As with Populus’s poll in the week, the individual measures announced in the budget were broadly positive received. 68% told YouGov they supported the increase in tax on “large environmentally unfriendly family cars”, 63% supported requiring supermarkets to charge for plastic bags, 77% supporting equiring people on incapacity benefit to attend work focused interviews. A slighlt plurality of people opposed the increase in alcohol duties – 48% to 46% – but this was hardly overwhelmingly opposition.
Despite that, opinion towards the government’s general handling of the economy looked very low – 86% though inflation was higher than the government said, 78% said the government wastes large amounts of money, 66% agreed the government spent too much in good economic times. All the measures of economic optimism were low. 47% agreed Alistair Darling was not up to the job, with only 22% disagreeing and the poll found Cameron & Osbourne had a significant lead over Brown & Darling as the team people trust more to help their standard of living – 33% to 21%. ICM’s poll also found a significant Tory lead on the economy – they were most trusted by 34% compared to 28% for the Tories. A second ICM survey in the Sunday Telegraph found 31% thouht the budget would make things worse, only 7% thought it would improve matters.
It’s an apparent contradiction – the individual measures in the budget are popular, but it looks as though it has really hit their popularity. Off the top of my head I can think of two explanations – it’s possible that people support what Alistair Darling has done given the circumstances he faces, but that the fact the government have found themselves in such circumstances has undermined their previous confidence in Brown’s handling of the economy. Alternatively it could just be that general bad economic tidings, brought home to them by the budget, have made them less positively disposed to the government regardless of whether they actually attribute any blame to them.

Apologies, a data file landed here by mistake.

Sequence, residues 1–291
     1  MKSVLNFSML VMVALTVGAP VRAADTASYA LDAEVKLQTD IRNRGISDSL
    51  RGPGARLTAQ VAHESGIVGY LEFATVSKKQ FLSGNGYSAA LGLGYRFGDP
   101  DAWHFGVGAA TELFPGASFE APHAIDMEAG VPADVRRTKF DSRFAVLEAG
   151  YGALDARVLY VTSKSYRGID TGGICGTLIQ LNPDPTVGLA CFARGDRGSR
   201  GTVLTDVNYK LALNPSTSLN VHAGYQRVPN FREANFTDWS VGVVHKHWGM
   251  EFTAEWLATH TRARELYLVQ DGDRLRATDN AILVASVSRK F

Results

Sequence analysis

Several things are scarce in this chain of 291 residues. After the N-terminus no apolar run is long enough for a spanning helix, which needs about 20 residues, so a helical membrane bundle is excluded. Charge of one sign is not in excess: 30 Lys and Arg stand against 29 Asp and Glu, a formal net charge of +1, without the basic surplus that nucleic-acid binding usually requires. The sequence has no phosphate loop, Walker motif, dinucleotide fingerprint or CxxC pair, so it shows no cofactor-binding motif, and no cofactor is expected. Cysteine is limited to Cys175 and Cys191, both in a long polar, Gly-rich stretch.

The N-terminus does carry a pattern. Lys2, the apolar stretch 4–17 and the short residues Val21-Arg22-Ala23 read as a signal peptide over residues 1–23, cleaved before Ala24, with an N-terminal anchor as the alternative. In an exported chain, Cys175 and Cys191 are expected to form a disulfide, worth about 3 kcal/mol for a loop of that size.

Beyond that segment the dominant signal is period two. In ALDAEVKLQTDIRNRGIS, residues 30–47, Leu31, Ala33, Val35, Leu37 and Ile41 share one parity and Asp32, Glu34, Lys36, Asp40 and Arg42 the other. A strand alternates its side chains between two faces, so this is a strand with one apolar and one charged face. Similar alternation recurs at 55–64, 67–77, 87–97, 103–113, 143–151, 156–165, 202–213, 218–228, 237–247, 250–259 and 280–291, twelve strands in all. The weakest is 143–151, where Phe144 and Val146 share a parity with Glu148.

On other political trackers Brown’s approval ratings with YouGov slip ever lower – his net score is down to minus 26 from minus 21 last month. David Cameron’s remains unchanged on plus 14. Nick Clegg’s rating was minus 6, but that’s still with 35% don’t knows. In the ICM poll Cameron had a lead of 6 points over Brown on best Prime Minister.
As usual the Sunday Times asked a grab bag of questions of lots of other issues. On Lord Goldsmith’s proposals for Britishness 51% of people supported the idea of citizenship ceremonies, for school leavers… but only if they excluded the suggested oath of allegiance to the monarch, supported by only 15%.
Only 29% of respondents supported Heathrow expansion. 39% thought expansion should be elsewhere, either in East London or in regional airports. 18% were opposed to airport expansion entirely.
Finally YouGov asked about abortion law. 35% supported the status quo, 48% supported a reduction in the legal time limit to 20 weeks and 8% supported a total ban on abortion.